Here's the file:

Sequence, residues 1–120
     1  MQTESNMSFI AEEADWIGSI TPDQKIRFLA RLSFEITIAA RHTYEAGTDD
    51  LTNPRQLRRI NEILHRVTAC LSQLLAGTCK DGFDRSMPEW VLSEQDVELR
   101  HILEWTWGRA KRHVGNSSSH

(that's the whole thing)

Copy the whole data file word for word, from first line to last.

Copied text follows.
Sequence, residues 1–120
     1  MQTESNMSFI AEEADWIGSI TPDQKIRFLA RLSFEITIAA RHTYEAGTDD
    51  LTNPRQLRRI NEILHRVTAC LSQLLAGTCK DGFDRSMPEW VLSEQDVELR
   101  HILEWTWGRA KRHVGNSSSH